As we all know, things can occasionally break on a Mirage Drive. Although most failures are preventable or can be seen coming, that is of little consolation when you're 10 miles out and you left your paddle at home. Your emergency tool kit, if you bought one, will be of little use to you out at sea with cold wet hands and no work bench, where even the simplest repairs are almost impossible.
Fortunately, most Drive failures are not complete. With a little headwork and three tools*, most Drive failure will not leave you stranded.
*Note: '08 and newer Drives and those upgraded to newest drums and cables do not need vice grips.
Let's take a look at a variety of situations:Broken fin mast:
Mast falls out:
Either of these will give you the same result -- a one finned Drive. All you need to do is remove the Drive and disconnect the bad fin and mast at the clew outhaul. Removing the ring pin is simple, but in the water I had difficulties accomplishing this with wet fingers. If necessary, get the dikes out and cut it. You can replace it later.
The result should look something like this:Caution: Using the Drive with one fin will rock the boat, so take it easy until you get used to the rhythm.
Once you get into the swing of things though, you can move along quite well.
I was able to average 5.1 MPH cruising and reached 7.1 on a sprint (Adventure with one Turbofin)! That should be enough to get you home in time for dinner.Clew Adjustment Screw unthreads:
Remove fin if it's still there. Proceed as above.Pedal comes loose or falls off:
This is an easy one --simply push against the pedal crank. Adjust the pedal position if desired.Pedal adjustment pin rips out of drum:
Find an undamaged hole and continue at a slower pace until you get to your destination.Cable or chain breaks:
This depends on which cable breaks. It can be rather messy looking but don't let that deter you from getting back. The following picture shows front cable and idler cable disconnected, with only the rear cable operating.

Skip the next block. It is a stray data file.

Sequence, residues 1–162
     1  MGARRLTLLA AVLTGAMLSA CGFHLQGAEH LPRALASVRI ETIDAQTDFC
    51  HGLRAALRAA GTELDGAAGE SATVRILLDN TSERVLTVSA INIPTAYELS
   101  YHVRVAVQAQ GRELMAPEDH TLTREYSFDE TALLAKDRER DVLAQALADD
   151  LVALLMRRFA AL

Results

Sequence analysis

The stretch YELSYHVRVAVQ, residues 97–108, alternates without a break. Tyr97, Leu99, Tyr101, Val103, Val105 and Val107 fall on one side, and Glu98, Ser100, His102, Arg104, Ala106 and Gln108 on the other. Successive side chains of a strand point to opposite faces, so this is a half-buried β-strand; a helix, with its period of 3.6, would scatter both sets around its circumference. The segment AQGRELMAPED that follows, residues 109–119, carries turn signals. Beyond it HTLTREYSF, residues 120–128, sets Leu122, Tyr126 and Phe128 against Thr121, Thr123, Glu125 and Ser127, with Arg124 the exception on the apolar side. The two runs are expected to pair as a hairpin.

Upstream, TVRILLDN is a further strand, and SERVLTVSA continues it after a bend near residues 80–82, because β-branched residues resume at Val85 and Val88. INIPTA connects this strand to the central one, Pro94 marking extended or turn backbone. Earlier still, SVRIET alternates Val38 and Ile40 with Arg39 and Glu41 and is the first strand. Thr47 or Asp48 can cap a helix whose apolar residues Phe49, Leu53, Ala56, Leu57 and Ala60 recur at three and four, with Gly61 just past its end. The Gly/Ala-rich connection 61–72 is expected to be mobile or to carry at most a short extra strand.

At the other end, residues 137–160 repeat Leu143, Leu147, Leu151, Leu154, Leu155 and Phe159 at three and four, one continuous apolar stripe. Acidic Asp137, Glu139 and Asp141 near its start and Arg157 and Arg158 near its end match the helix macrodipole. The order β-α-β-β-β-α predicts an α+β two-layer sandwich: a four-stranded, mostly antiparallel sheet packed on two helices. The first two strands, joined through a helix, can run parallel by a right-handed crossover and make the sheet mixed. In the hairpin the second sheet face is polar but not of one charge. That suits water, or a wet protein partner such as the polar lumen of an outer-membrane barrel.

In any event, the broken piece will probably not interfere with your Drive operation. But if it does, use your 7/16 open end wrench and needle nose vise grips as necessary to remove the offending part:Idler cable failure:
You should be able to continue to port with both fins fully operational. Don't do any sprints though.Front chain/cable failure:
The idler cable will probably also come loose, but don't worry about it. You should be able to proceed home on one fin as above. If you pull the Drive for inspection, the drums may want to spread. Keep them together until you remount the Drive where they will be held in place. Don't be alarmed if both pedals rock back at once -- once pedaling, this should not be an issue. As long as the rear chain stays on the sprocket you'll have power.
You can leave the front fin to freewheel if it's not in the way.Rear chain/cable failure:
This is the toughest one because both pedals will fall forward instead of pedaling. But you can continue to use the drive by re-inserting it backwards where you should have some pedaling traction. You'll have to head home in reverse since you left your paddle behind! Not to worry though -- it works. Just be very ginger with the rudder and keep your turns gentle and try not to run into anything. Here's what your "stern" wake looks like going backwards. It's kinda fun actually.
As you can see, short of an explosion, your Drive will not fail you, even if something breaks on it. The only caveat I can think of here is on worn out Drives or the old stainless steel Drives, the fat center tooth on your plastic sprocket that holds the chain in position may be worn down or absent. This can allow the chain to disengage during certain cable breaks where both pedals can move in one direction (but not the other). In that case, you may have to re-seat the chain, push the pedals in the other direction and reset the drive. I have not tried this, but I think it can be done. If not, you may have to paddle home with your hands.